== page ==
The Star Bell label is a good example of a Blum bell sold by a jobber, and in fact the yellow Hoosier Belle label is another. The "Star" label was used by a large hardware firm in Chicago--Hibbard, Spencer, Bartlett & Co.
Sargent bells, however, come from another manufacturer, Sargent Company in New Haven, Connecticut. They were in business during the late 19th or early 20th century. They are shaped differently than Blum bells, with wider shoulders giving them a "tapered" appearance from top to bottom, and wider sides giving a rectangular rather than oval opening. (Sargent may, in fact, be the manufacturer thought to be in New Jersey.) Please search for "Sargent cowbell" using whatever search engine you like best; you should find a number of places where dealers are selling them, with pictures.
Bill Blumberg Jr. wrote this poem about the bell factory and the bells:
The Blum Holstein Cowbell
Yes, I was there in ‘Fifty-five, though just a little boy.
There was no bus’ness left to thrive; no methods to employ.
The furnace cold, equipment sold, the foundry black with soot;
The pot of gold grown empty, old; customers all afoot.
The art was lost and at what cost would toll those works’ death knells,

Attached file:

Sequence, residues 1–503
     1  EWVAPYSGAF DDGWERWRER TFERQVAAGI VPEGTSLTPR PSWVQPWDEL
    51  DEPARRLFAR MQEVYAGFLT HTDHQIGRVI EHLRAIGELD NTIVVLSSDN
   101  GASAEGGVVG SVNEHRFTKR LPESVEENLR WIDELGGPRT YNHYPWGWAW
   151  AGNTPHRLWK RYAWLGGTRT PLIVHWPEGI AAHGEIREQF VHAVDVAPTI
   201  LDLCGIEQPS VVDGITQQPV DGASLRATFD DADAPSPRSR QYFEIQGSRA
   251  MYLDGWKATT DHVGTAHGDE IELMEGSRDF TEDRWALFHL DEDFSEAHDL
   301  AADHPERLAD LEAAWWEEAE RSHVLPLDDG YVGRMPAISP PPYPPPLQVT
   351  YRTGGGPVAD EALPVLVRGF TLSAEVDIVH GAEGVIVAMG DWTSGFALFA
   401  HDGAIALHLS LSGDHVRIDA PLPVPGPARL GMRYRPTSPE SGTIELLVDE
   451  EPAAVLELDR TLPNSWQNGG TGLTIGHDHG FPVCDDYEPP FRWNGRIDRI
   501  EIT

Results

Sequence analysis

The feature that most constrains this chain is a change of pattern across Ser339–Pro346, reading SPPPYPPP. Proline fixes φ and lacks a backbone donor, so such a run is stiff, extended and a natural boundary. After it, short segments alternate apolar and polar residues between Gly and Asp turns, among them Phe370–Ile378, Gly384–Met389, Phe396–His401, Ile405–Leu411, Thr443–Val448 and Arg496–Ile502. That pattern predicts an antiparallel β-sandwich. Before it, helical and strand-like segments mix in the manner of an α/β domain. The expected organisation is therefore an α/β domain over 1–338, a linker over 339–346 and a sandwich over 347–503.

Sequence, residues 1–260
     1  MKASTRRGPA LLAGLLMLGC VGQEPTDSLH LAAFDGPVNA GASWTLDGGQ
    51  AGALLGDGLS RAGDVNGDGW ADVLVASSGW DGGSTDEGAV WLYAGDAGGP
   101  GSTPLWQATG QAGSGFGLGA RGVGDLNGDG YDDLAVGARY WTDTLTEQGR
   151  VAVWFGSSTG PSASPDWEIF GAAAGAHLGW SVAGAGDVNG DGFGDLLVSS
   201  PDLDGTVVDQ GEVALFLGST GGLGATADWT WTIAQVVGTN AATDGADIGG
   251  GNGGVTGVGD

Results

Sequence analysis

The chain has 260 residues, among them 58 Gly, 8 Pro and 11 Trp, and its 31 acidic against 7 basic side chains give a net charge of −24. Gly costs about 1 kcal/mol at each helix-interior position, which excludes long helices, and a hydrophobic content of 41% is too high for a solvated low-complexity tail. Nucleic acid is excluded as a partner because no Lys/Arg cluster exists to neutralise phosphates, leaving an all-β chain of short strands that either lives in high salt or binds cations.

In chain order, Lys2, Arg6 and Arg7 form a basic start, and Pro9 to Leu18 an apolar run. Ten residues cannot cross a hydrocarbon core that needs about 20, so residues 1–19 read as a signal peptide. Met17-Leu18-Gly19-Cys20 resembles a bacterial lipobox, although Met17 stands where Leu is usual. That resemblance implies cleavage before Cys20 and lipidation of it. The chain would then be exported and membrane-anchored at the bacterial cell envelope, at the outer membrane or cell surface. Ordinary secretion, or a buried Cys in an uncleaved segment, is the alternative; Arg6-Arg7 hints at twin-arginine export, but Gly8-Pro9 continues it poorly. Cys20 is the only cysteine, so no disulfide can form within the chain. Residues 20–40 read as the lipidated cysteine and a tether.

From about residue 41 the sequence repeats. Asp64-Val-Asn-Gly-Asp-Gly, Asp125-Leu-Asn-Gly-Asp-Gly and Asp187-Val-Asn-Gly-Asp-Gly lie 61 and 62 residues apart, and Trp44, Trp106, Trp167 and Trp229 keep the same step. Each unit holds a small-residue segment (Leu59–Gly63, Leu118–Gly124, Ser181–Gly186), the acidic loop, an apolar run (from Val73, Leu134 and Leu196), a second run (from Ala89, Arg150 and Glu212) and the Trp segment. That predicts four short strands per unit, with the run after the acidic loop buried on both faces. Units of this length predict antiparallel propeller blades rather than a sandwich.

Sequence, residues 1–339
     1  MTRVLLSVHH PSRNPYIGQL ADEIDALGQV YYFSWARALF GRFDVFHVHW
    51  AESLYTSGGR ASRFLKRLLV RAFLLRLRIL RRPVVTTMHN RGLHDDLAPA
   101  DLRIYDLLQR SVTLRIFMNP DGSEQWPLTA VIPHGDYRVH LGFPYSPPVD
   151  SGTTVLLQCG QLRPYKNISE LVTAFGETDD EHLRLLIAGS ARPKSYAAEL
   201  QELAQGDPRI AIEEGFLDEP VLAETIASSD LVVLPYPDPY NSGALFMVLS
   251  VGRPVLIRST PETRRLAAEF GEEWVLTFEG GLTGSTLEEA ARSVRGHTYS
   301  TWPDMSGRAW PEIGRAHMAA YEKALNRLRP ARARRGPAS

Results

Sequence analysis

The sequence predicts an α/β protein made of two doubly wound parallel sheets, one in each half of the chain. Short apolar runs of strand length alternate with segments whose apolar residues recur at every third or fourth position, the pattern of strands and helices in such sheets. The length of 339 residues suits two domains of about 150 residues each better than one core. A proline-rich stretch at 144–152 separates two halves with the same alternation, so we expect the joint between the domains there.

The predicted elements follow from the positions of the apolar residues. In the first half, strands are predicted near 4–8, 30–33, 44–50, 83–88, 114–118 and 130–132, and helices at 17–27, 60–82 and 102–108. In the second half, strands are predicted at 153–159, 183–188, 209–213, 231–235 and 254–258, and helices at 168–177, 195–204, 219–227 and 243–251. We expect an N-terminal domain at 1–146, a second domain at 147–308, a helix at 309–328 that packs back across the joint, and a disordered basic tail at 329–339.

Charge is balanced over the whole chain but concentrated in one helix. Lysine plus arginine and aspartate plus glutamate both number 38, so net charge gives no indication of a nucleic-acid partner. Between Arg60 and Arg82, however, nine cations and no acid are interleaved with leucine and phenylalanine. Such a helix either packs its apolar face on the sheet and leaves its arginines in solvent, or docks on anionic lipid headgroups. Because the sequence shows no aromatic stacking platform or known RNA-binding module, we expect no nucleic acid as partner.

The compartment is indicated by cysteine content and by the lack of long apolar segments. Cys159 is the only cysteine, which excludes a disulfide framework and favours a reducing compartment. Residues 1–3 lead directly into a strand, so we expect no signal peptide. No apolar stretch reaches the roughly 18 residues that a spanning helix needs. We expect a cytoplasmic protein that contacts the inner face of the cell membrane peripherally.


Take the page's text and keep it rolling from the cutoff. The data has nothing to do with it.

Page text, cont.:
And there were tossed Holstein embossed, clear toned, brass plated bells;
Teenagers bopped, the charts were topped by that new rock ‘n roll.
Real music dropped, and sales soon stopped: that is what took its toll.
By Slingerland or Ludwig manned, the drum rolls ceased their boom.
They were at hand in each Big Band, the cowbell made by Blum.
In new phasing, cows were grazing, confined in large feed lots;
Reappraising, less bells brazing to fill crucible pots
With all that brass they would amass to make these bells unique;
And thus would pass the chance, en masse, the markets they might seek.
The tri-fold top, riveted stop, no patent could replace.
Collector’s shop; no antiques top that distinct oval base;
So, these bells will not remain still, as long as there presents
The need to fill the sports fan’s thrill at all sporting events.
There’s still around that unique sound which we all know so well.
Happily found, they still abound: The Blum Holstein Cowbell!
© Copyright 2004, William S. Blumberg, PoemorialsT.M The Closing of the Blum Manufacturing Co. All Rights Reserved.